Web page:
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By Joseph Wallace, M. A.
of the Springfield Bar
The S. J. Clarke Publishing Co., Chicago, IL

Page 250

WILLIAM DODD CHENERY - William Dodd Chenery figured prominently for many years in connection with the hotel business of Springfield, and because of this gained a very wide acquaintance, while his genial manner, consideration for others and genuine personal worth won for him the friendship of many with whom he came in contact. His residence in Springfield began in the year 1852, and he became the landlord of the old American house, one of the first hotels established in this city.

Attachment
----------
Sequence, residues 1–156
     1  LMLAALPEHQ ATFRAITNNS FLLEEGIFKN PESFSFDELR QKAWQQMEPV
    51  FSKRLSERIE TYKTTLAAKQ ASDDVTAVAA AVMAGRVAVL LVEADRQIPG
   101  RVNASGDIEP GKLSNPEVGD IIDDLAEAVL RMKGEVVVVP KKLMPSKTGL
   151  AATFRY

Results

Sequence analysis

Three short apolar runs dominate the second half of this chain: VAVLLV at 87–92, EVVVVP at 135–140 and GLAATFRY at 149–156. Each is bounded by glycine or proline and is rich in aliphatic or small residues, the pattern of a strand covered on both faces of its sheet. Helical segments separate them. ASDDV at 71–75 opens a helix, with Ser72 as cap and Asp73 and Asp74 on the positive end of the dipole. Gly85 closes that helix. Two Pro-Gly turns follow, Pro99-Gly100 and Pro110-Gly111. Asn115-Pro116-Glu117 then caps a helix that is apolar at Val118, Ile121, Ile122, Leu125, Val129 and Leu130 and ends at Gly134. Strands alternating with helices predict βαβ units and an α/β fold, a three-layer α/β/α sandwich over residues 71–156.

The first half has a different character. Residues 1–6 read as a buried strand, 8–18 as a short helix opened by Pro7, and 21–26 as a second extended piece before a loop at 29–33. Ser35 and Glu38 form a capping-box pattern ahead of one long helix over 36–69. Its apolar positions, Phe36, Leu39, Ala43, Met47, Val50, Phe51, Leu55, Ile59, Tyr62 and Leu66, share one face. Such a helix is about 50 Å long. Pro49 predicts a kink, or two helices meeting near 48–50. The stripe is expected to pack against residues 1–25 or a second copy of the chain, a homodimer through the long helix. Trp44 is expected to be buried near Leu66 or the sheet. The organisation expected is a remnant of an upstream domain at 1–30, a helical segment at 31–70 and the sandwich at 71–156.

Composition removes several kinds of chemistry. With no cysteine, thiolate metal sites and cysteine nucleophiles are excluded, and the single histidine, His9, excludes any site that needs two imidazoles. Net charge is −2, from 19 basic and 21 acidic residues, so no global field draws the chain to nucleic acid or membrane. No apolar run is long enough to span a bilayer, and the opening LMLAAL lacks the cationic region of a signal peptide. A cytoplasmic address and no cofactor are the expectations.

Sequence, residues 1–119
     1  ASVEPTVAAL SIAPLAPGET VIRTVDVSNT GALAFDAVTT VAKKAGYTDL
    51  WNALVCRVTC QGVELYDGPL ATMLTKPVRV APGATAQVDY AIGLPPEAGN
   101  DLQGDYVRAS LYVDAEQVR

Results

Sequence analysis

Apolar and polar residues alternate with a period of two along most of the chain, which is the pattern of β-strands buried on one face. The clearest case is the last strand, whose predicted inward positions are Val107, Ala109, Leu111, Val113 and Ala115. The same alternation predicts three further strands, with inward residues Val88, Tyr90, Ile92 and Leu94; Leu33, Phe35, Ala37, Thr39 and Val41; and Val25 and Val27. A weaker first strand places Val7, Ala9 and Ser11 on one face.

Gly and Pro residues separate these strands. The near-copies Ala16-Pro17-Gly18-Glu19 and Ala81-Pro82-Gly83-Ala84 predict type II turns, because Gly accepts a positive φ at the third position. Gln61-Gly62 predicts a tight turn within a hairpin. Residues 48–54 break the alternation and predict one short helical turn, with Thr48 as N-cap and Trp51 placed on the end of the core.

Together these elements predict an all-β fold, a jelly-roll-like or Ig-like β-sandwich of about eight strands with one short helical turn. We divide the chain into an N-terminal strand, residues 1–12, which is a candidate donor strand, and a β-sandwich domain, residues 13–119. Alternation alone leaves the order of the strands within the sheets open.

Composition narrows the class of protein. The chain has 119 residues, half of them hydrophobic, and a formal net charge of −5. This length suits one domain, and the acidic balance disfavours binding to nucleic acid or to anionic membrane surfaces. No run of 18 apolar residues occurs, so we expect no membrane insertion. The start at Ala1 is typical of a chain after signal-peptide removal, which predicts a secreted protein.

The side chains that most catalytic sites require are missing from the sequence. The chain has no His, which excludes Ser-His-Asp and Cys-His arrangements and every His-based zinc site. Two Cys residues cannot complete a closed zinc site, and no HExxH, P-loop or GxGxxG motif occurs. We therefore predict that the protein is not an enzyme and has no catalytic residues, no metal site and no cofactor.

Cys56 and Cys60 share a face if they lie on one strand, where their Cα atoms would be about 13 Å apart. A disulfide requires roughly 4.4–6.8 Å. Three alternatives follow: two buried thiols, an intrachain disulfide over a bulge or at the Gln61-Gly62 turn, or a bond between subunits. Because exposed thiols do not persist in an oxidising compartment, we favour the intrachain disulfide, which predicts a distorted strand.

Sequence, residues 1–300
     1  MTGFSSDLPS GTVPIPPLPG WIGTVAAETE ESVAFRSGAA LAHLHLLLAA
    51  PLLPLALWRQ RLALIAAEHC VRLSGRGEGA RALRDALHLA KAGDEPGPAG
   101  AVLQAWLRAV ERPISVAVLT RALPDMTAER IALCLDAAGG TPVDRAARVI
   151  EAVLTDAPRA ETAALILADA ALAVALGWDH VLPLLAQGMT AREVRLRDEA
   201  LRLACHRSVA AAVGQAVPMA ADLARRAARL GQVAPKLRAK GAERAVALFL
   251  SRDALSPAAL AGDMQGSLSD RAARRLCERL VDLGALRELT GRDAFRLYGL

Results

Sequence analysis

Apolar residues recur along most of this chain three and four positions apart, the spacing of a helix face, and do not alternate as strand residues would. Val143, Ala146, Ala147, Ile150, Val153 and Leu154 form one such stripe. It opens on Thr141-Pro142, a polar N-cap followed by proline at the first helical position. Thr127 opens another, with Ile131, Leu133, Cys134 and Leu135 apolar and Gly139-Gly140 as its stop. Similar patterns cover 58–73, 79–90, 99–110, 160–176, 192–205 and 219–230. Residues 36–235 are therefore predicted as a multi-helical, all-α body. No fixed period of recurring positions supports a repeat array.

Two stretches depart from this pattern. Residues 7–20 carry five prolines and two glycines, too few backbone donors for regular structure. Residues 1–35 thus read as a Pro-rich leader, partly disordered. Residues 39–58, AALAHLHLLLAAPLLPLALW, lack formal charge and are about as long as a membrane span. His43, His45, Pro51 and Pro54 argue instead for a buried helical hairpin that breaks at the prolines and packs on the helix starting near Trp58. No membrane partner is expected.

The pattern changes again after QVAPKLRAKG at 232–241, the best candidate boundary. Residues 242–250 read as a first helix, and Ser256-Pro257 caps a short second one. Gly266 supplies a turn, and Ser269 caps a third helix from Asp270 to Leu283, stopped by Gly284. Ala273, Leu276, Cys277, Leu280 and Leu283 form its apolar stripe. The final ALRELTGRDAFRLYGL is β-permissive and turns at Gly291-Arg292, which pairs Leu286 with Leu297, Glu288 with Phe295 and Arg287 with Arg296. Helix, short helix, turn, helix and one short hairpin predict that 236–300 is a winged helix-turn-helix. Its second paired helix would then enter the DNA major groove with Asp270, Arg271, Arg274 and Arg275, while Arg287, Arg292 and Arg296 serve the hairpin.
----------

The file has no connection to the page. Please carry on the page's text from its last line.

He was born in Boylston, Massachusetts, May 1, 1796. His paternal great-grandfather, Lambert Chenery, was a native of England and came to America at an early epoch in the colonization of the new world, landing at Salem, Massachusetts, where he made his home throughout the remainder of his life. His son, Dr. Isaac Chenery, the grandfather of our subject, was born in Massachusetts and served his country as a patriot in the Revolutionary war. He was commissioned under Colonel Nathaniel Ward and a copy of his commission is now in possession of the family in Springfield, being a cherished heirloom. Dr. Chenery, throughout his business career, engaged in the practice of medicine in Massachusetts and was well known there as a successful and capable physician. Dr. Thaddeus Chenery, the father of William Dodd Chenery, was born in Medfield, Massachusetts, and also prepared for the practice of medicine. During much of his life he made his home in the town of Holden, Massachusetts, and in 1846 he made a trip to the west on horseback in order to visit his son, William, in Morgan county, Illinois. He afterward returned, however, to Holden, where both he and his wife spent their last days. None of their children are now living. Mrs. Chenery bore the maiden name of Mary Dodd and was a native of Princeton, Massachusetts.